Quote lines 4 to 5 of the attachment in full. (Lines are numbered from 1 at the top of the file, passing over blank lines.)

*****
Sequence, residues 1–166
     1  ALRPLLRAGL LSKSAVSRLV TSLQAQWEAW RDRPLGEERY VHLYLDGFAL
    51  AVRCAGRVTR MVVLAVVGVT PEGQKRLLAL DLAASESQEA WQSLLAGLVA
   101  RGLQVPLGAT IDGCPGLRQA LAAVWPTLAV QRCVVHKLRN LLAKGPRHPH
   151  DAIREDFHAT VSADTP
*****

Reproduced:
   101  RGLQVPLGAT IDGCPGLRQA LAAVWPTLAV QRCVVHKLRN LLAKGPRHPH
   151  DAIREDFHAT VSADTP